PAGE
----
my mama wrote about an experience she had in nature when she was a little girl that reminded me of an experience jim morrison of the door’s had as a boy. he’d witnessed a crash that resulted in death and wrote about it in his song, dawn’s highway. however, in mama’s case, there were no native americans “scattered on dawn’s highway bleeding”.
she seemed to have been traumatized at witnessing the death of several tall trees during an unexpected storm. she wrote at length about how big and tall they were, and how the storm had pulled them right out of the ground by their roots before flinging them across the prairie. she wrote that it reminded her of a time when her mother got angry and lifted her off the ground by her hair, then shook her like a fourth of july sparkler, before dropping her to the ground angrily, as if burned by her flares.
i’m not sure why mama connected those experiences in the same journal entry. sometimes i can’t tell if she was altogether mental, or if my lack of understanding means that i’m not all together mentally, if you know what i mean.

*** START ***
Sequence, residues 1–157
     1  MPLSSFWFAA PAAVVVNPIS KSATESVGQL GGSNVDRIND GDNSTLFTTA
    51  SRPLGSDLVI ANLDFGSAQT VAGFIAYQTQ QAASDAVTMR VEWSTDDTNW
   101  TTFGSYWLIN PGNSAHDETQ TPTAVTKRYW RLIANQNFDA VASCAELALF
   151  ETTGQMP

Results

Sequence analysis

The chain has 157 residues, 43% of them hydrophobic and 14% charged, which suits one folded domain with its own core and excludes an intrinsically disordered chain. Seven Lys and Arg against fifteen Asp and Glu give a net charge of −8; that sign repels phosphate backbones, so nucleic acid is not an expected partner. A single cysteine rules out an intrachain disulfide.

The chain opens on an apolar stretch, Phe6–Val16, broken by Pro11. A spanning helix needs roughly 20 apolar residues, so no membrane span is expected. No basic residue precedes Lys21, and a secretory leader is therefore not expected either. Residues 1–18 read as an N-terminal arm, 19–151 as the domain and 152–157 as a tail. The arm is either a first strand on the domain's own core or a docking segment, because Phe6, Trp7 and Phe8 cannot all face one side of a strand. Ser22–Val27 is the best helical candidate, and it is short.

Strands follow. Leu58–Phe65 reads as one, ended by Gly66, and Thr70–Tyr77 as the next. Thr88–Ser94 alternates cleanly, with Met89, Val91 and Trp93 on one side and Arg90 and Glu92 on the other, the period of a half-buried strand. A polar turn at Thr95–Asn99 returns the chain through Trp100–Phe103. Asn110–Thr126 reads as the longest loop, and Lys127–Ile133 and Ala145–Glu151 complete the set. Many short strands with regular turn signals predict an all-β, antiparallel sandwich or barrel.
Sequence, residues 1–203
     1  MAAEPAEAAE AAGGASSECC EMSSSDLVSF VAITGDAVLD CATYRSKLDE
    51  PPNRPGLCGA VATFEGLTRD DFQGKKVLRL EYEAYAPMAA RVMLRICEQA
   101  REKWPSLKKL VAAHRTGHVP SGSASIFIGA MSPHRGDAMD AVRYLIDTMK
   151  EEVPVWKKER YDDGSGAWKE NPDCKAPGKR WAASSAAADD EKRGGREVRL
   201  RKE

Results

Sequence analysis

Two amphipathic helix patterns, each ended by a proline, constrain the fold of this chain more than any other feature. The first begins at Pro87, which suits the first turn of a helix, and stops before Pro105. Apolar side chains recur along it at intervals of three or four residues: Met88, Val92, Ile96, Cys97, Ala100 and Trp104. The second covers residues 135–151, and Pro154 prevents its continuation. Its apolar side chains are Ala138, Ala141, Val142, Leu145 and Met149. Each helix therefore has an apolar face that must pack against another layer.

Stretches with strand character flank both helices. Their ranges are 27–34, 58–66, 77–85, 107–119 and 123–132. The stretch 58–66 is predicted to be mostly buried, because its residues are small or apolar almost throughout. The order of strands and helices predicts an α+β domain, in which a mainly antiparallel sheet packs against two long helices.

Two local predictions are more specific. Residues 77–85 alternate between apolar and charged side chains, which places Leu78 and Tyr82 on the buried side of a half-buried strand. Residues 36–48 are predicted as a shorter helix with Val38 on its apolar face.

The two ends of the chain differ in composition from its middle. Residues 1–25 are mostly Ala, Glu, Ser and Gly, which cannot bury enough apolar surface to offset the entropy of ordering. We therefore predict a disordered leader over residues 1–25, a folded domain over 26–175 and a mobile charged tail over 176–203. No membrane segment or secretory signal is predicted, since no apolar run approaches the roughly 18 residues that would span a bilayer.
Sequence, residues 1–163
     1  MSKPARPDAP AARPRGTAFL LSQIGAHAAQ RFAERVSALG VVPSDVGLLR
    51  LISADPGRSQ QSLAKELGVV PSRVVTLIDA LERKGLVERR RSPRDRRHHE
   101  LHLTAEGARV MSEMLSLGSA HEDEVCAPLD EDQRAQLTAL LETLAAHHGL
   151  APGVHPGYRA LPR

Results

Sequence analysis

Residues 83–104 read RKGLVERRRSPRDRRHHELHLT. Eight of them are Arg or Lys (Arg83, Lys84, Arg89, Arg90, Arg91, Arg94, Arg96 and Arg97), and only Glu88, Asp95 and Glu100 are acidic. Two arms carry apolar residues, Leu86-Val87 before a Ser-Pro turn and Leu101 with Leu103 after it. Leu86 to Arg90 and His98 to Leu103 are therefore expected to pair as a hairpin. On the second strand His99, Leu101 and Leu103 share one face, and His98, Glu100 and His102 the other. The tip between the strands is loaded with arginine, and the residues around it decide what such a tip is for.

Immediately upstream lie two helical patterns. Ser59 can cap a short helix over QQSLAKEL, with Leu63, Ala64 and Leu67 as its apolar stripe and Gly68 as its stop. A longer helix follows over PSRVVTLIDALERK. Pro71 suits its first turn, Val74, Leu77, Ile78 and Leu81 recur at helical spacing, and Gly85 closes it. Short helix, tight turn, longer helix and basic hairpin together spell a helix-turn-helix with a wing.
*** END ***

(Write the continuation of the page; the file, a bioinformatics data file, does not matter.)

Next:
when i tried to connect the experiences of trees being lifted by their roots and her being pulled up by her hair, then shook in anger and fire, all i came up with was that she and the trees were accidentally buried birds doomed to silent and colorful mime, performing life as if they were chaplinesque manakins.
it was in my early twenties that i’d read about the dead trees and sparklers, and afterward, it was hard to look at tall trees, tall people, and the evening stars the same. i guess she taught me in her own way that nothing in the world can get too high or too tall to fall.
but i didn’t like the way this lesson felt, and when i turned fifty, i decided to reread mama’s journals to work out in my heart a way to make the experiences i’d perceived as more burdensome, a little lighter and less filled with despair.
i concluded that mama also taught me about the benefits of not fighting nature. although it sometimes acts in ways we don’t anticipate, and can cause great pain, embracing its purpose can give us wings. that’s corny as hell i know, still, i believe my mama’s abuse sparked a beautiful fire inside her that somehow inscribed her wings into every earthed and unearthed tree between here and the end of the earth, and between you and me, i love the idea of seeing mama’s wings in every tree, sitting in her shade wherever i go, and writing my thoughts upon her skin.